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Aitor Barbero-López, Mokbul Hossain, Antti Haapala


Organic acids are present in many bio-based chemicals suggested as active ingredients for wood preservative formulations, but their effects in wood have not been studied. However, an understanding of their effect in wood is necessary. The aim of this study was to determine the antifungal and wood-preserving activities in vitro of acetic, formic, and propionic acids against the wood-decaying fungi Coniophora puteana, Rhodonia (Poria) placenta, Gloeophyullum trabeum, and Trametes versicolor. Mixes of these three acids were also tested for possible synergetic effects. All the acids and mixtures showed antifungal activity against the pure cultures of wood-decaying fungi. Propionic acid by itself had the best performance, inhibiting at 1 g/L concentration the growth of all the decay fungi by 99-100%. Despite the antifungal activity of the organic acids, the pine sapwood specimens treated with 3% and 6% acid solutions and exposed to decay by C. Puteana and G. trabeum did not differ significantly from the untreated pine. Leaching of the sapwood specimens caused an incremental mass loss of the sapwood specimens. In addition, the leached specimens had a lower mass than the specimens before the acid impregnation, indicating that they were damaged by the acidic chemicals. The presence and acidity of organic acids in wood-derived bio0-based chemicals need to be assessed before they are used as wood preservatives.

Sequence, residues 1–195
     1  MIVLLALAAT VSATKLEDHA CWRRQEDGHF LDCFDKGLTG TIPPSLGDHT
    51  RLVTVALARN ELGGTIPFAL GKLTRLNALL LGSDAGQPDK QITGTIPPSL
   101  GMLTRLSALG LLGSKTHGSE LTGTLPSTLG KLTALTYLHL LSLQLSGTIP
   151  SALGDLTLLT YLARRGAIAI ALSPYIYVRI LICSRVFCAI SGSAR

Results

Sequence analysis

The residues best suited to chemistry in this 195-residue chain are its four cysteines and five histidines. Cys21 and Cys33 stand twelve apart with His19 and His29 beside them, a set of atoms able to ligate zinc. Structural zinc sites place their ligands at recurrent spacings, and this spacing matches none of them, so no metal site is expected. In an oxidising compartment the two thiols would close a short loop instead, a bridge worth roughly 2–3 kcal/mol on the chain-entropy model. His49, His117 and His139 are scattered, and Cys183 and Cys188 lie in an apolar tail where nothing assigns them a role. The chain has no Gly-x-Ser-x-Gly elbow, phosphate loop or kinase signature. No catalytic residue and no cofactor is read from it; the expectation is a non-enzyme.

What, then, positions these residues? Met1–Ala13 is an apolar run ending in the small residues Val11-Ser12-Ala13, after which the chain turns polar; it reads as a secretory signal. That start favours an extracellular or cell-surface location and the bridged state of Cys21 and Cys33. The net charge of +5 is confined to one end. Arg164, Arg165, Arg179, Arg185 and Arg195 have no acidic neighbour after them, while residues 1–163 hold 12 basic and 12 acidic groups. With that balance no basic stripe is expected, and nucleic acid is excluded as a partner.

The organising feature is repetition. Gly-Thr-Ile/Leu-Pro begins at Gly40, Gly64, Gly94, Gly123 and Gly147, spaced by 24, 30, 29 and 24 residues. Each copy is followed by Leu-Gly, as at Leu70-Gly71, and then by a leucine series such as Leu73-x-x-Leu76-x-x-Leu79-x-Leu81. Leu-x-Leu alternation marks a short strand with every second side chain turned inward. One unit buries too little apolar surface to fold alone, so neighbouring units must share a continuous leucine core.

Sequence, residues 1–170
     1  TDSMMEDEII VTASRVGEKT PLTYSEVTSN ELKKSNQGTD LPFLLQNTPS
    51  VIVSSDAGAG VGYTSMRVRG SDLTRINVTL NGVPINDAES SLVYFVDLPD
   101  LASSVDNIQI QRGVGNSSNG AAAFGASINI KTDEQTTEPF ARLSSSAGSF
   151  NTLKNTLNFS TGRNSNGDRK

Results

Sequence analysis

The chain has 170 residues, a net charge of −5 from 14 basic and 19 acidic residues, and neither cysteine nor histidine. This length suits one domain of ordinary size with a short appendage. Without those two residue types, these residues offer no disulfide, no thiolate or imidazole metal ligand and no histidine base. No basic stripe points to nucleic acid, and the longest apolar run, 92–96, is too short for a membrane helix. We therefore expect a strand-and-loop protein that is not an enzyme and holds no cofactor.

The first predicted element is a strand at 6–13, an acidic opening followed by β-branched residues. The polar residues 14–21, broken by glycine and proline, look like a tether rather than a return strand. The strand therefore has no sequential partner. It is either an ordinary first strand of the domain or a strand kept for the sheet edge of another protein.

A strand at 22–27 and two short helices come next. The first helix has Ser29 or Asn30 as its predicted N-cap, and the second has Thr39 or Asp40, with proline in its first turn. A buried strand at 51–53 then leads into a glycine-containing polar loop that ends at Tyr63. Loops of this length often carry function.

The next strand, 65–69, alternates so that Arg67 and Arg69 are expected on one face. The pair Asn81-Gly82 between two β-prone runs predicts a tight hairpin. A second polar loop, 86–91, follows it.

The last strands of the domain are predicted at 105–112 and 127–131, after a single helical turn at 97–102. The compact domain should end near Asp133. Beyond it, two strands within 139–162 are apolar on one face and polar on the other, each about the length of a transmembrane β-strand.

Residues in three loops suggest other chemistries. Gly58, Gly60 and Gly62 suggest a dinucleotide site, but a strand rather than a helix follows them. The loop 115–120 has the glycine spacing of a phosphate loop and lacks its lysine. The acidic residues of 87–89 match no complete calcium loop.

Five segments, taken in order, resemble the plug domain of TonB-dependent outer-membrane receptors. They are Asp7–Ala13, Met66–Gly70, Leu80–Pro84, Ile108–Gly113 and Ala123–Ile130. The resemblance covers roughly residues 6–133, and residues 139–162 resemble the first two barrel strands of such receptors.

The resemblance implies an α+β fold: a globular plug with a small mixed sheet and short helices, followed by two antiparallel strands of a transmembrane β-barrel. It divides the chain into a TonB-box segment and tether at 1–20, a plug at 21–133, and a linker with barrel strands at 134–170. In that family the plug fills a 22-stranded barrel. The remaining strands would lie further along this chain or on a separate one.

wood degradation; wood preservation; biorefining; fungistatic; organic acid

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